How Deterministic Encryption Supports Filtering

By default, Shield Platform Encryption uses a probabilistic encryption scheme to encrypt data. Each bit of data is turned into a fully random ciphertext string every time it’s encrypted. Encryption doesn’t generally impact users who are authorized to view the data. The exceptions are when logic is executed in the database or when encrypted values are compared to a string or to each other. In these cases, because the data has been turned into random, patternless strings, filtering isn’t possible. For example, you might run a SOQL query in custom Apex code against the Contact object, where LastName = 'Smith'. If the LastName field is encrypted with probabilistic encryption, you can’t run the query. Deterministic encryption addresses this problem.

To be able to use filters when data is encrypted, we have to allow some patterns in our data. Deterministic encryption uses a static initialization vector (IV) so that encrypted data can be matched to a particular field value. The system can’t read a piece of data that’s encrypted, but it does know how to retrieve the ciphertext that stands for that piece of data thanks to the static IV. The IV is unique for a given field in a given org and can only be decrypted with your org-specific encryption key.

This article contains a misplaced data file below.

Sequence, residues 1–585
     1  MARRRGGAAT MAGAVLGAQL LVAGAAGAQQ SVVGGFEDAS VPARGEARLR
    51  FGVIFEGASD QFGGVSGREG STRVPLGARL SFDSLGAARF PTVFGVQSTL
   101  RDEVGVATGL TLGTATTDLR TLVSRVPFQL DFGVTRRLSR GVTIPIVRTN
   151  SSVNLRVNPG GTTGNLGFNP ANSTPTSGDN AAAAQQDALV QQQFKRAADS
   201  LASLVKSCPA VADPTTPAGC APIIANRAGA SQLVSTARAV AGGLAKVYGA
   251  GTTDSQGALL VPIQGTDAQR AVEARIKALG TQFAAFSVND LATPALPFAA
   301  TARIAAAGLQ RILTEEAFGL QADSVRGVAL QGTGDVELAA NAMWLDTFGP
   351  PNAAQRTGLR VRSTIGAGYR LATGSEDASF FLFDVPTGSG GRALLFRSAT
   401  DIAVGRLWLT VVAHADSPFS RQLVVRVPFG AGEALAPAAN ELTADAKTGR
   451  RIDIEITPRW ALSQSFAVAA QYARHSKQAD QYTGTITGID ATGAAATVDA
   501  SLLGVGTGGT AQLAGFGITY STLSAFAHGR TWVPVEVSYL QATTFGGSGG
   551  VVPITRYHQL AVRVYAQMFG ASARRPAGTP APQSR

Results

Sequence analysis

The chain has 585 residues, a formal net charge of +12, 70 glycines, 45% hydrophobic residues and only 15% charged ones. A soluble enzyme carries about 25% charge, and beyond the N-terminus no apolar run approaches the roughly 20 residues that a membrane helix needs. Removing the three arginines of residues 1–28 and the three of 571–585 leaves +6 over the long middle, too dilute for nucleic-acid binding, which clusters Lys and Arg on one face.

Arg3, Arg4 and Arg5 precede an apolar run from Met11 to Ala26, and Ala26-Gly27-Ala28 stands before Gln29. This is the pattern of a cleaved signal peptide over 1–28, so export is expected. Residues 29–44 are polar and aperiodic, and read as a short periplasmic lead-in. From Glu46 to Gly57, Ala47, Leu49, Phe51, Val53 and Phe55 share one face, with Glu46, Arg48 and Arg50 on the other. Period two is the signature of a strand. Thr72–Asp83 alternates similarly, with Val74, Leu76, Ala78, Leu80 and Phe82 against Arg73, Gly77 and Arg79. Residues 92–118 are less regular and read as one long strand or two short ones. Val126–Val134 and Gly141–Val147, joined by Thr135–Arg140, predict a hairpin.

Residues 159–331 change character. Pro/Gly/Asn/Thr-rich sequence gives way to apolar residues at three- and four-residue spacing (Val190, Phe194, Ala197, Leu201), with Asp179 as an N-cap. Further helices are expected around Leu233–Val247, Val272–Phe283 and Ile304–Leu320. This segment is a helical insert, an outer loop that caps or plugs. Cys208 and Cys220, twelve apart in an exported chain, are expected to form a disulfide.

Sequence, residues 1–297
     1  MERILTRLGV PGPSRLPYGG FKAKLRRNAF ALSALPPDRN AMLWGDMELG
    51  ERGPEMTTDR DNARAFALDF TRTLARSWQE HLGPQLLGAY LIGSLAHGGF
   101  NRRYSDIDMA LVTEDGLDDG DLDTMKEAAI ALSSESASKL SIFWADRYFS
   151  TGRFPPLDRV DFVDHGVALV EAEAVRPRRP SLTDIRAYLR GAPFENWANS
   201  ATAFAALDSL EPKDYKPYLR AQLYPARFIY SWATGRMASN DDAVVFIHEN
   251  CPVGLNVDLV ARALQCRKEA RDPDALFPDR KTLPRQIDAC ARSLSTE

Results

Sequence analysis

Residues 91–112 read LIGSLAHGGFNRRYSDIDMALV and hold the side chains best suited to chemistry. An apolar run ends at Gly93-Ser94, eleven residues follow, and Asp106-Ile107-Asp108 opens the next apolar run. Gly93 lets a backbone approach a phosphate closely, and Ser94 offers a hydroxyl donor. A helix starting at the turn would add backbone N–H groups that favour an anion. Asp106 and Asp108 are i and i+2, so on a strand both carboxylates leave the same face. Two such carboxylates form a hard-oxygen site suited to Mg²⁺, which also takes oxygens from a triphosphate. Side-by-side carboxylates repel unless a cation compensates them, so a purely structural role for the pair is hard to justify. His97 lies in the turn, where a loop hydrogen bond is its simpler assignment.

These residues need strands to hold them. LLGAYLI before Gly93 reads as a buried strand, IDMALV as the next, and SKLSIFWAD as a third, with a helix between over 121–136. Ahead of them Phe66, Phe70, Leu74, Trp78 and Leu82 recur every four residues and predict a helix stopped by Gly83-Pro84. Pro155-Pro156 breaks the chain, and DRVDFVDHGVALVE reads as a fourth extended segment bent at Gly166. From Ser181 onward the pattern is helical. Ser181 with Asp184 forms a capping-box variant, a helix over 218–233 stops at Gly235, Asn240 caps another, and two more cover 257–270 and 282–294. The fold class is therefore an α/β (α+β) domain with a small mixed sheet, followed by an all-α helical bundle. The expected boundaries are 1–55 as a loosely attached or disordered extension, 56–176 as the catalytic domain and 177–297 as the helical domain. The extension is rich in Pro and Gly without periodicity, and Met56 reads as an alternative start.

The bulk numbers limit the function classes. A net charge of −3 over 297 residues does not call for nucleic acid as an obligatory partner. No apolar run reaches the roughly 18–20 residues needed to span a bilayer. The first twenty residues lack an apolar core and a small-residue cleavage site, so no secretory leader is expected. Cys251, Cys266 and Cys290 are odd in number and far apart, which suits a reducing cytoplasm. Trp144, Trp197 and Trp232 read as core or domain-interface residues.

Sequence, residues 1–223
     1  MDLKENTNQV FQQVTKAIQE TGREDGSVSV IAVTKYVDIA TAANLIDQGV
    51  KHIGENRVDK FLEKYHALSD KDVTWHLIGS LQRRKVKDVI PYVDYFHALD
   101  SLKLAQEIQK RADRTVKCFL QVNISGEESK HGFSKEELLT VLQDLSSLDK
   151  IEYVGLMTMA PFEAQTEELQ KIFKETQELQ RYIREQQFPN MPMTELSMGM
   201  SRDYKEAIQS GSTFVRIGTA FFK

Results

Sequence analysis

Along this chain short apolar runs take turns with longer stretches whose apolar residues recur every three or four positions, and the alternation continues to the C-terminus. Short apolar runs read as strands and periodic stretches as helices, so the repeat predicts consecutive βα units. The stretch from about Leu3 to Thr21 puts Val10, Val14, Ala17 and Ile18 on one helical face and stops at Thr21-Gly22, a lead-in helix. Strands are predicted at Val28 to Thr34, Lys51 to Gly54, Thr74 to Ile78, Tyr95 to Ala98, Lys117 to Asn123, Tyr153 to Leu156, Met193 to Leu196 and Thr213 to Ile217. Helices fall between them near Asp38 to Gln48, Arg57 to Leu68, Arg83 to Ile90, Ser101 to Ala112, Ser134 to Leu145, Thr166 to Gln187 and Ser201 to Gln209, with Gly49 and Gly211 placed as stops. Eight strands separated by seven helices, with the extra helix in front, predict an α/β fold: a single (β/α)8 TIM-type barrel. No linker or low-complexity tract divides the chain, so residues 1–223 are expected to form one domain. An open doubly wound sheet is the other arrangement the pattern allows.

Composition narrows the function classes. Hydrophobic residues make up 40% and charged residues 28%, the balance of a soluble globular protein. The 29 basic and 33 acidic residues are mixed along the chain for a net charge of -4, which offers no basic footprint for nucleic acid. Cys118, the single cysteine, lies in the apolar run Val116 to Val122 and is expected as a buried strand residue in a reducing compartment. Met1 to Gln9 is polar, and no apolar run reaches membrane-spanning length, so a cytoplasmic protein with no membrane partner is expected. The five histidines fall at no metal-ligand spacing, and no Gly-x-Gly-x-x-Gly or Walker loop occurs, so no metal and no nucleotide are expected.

We evaluate the relative strengths and weaknesses of cryptographic approaches based on the types of attacks that can be launched against a particular algorithm. We also consider the length of time that it could take for the attack to succeed. For example, it is commonly said that a brute-force attack against an AES 256-bit key would take a billion billion years given current computing capabilities. Nevertheless, it is common practice to rotate keys regularly.

Certain kinds of attacks become a bit less far-fetched when you get away from purely random ciphertext. For example, an attacker could conceivably analyze deterministically encrypted ciphertext and determine that the cleartext string Alice always resolves to the ciphertext YjNkY2JlNjU5M2JkNjk4MGJiNWE2NGQ5NzI5MzU1OTcNCg==. Given enough time to eavesdrop, an attacker could defeat encryption by building a dictionary of cleartext values to ciphertext values.

The Salesforce Shield approach is to expose just enough determinism to let bona fide users filter on encrypted data while limiting it enough to ensure that a given plaintext value doesn’t universally result in the same ciphertext value across all fields, objects, or orgs. Even if an attacker successfully matched cleartext to encrypted values for one field, the attacker would have to do it all over again for another field, and again for the same field in another object.

In this way, deterministic encryption decreases encryption strength only as minimally necessary to allow filtering.

Deterministic encryption comes in two types: case-sensitive and case-insensitive. With case-sensitive encryption, a SOQL query against the Contact object, where LastName = Jones, returns only Jones, not jones or JONES. Similarly, when the case-sensitive deterministic scheme tests for unicity (uniqueness), each version of “Jones” is unique.

For case-insensitive, a SOQL query against the Lead object, where Company = Acme, returns Acme, acme, or ACME. When the case-insensitive scheme tests for unicity (uniqueness), each version of Acme is considered identical.

Probabilistic encryption is not supported on the email address field for the Contact object. To avoid creating duplicate accounts during self-registration, use deterministic encryption.